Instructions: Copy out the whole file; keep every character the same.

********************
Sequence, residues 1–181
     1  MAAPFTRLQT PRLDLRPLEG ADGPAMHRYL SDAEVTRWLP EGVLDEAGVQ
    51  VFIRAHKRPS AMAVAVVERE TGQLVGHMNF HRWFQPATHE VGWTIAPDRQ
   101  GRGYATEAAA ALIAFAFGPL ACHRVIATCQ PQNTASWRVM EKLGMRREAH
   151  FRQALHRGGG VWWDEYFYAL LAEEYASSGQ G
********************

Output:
Sequence, residues 1–181
     1  MAAPFTRLQT PRLDLRPLEG ADGPAMHRYL SDAEVTRWLP EGVLDEAGVQ
    51  VFIRAHKRPS AMAVAVVERE TGQLVGHMNF HRWFQPATHE VGWTIAPDRQ
   101  GRGYATEAAA ALIAFAFGPL ACHRVIATCQ PQNTASWRVM EKLGMRREAH
   151  FRQALHRGGG VWWDEYFYAL LAEEYASSGQ G